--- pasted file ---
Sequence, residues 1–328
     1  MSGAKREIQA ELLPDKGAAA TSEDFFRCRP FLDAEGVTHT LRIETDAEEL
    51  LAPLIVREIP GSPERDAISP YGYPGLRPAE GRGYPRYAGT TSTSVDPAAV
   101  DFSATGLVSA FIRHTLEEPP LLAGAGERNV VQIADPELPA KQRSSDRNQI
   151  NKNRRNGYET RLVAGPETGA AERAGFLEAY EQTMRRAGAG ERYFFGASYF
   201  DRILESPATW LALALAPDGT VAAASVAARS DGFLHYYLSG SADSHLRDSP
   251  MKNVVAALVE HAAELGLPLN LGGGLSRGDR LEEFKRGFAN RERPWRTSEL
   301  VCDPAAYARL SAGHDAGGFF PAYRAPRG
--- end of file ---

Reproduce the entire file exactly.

Sequence, residues 1–328
     1  MSGAKREIQA ELLPDKGAAA TSEDFFRCRP FLDAEGVTHT LRIETDAEEL
    51  LAPLIVREIP GSPERDAISP YGYPGLRPAE GRGYPRYAGT TSTSVDPAAV
   101  DFSATGLVSA FIRHTLEEPP LLAGAGERNV VQIADPELPA KQRSSDRNQI
   151  NKNRRNGYET RLVAGPETGA AERAGFLEAY EQTMRRAGAG ERYFFGASYF
   201  DRILESPATW LALALAPDGT VAAASVAARS DGFLHYYLSG SADSHLRDSP
   251  MKNVVAALVE HAAELGLPLN LGGGLSRGDR LEEFKRGFAN RERPWRTSEL
   301  VCDPAAYARL SAGHDAGGFF PAYRAPRG